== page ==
Prior to implantation, an investigation of the planned implant site is required to visualize the available bone and surrounding anatomical structures and augmented areas that could be affected. For this process, CBCT data is critically important in planning for the insertion of not only single implants, but also in the surgical treatment planning for multiple implants (Dreiseidler et al.).

A single scan generally provides accurate diagnostic information. Fewer scans mean less exposure: radiation exposure from CBCT is up to 10 times less than that produced by expensive medical CT scanning. Unlike 2-D radiographs, CBCT scans differentiate between bone, teeth, nerves, and soft tissue.

A CBCT scan provides precise information about pathology, the locations and dimensions of vital anatomical structures, bone quality, and any issues that might interfere with treatment planning. The Kodak 9000 3-D extraoral imaging system allows for a broad overview of the patient's dentition with one of the most accurate panoramic images available.

Fig. 3: Implants inserted anterior to right and left mental nerve.

It also allows for the 3-D evaluation of an arch, either in sections or an extended field of view (FOV) option, allowing the full arch to be viewed as a whole three dimensionally. This view helps practitioners correctly identify the region of interest the first time, which results in lower cost to patients because less time and money is consumed for repeated office visits. (See Fig. 3)

When detecting pathology, 3-D imaging makes it easier to develop a treatment plan. The Kodak 9500 cone beam 3-D system provides a larger FOV, which allows for treatment planning of complex implant cases involving both arches. A large FOV also provides incidental findings that may prove valuable in a patient's overall assessment. While locating vital anatomical structures - for example, the maxillary sinus, temporomandibular joints, and the mandibular nerve canal - any abnormalities found can impact implant planning (Hatcher). Common incidental findings include plaque, carotid arteries, sinus pathology, craniofacial lesions, and more.

The larger image may also provide information about dental pathology that may not be the patient's chief concern. These findings may include the nature of endodontic failure, relative position of impacted teeth, or other details essential to developing a treatment plan.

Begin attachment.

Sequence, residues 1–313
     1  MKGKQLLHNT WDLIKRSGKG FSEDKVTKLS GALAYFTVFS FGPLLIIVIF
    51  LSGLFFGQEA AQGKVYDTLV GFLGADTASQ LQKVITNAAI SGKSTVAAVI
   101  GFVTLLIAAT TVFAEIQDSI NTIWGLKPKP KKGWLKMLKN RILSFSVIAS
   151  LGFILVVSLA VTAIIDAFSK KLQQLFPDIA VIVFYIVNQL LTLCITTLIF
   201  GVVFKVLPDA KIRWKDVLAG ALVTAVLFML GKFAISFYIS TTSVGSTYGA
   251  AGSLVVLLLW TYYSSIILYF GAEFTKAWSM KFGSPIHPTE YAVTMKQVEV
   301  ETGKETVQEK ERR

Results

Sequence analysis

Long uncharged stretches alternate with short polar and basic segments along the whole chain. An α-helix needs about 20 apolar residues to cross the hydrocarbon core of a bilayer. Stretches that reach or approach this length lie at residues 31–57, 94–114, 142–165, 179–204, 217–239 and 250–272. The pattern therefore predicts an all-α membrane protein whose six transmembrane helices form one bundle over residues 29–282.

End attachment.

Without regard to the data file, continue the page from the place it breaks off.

Information about the axis orientation of the alveolar bone, in particular, is essential for successful alignment of the implant within the boundaries of the jaws. With this, the doctor may optimize the trajectory, emergence profile, and loading characteristics of the implant.

Bone density is directly proportional to its load-bearing capacity – implant failure is often associated with low bone density or osteonecrosis, which can occur spontaneously or after invasive dental procedures. (See Fig. 4)

Countless clinicians have successfully placed implants using only 2-D imaging. As a result of significant information received from 3-D studies, however, practitioners can decrease potential risks and dramatically enhance predictability in results due to thorough analysis and preplanning.

For example, my staff has not placed an implant in our practice for more than 10 years without a CT assessment before surgery. The accurate relative positioning of implant fixtures is critical not only to avoid anatomical landmarks, which can result in injury to the patient, but also for obtaining optimum esthetic results and longevity of the implant fixture and prosthesis.

Fig.4: Trauma and implants.

Next in the series: Dr. Mills details why CBCT is an essential treatment tool, explains what oral health professionals might expect as a return on investment in CBCT technology, and expands upon ways in which patients benefit from this new standard of care.

References available upon request.

Edward Mills, DDS, is the founder of the Atlanta Center for Restorative Dentistry in Atlanta. A 1980 graduate of Emory University, he has lectured extensively throughout the world on state-of-the-art, restorative dental techniques. Dr. Mills is a fellow and past president of the American Academy of Implant Dentistry, as well as a diplomat at the Board of Oral Implantology.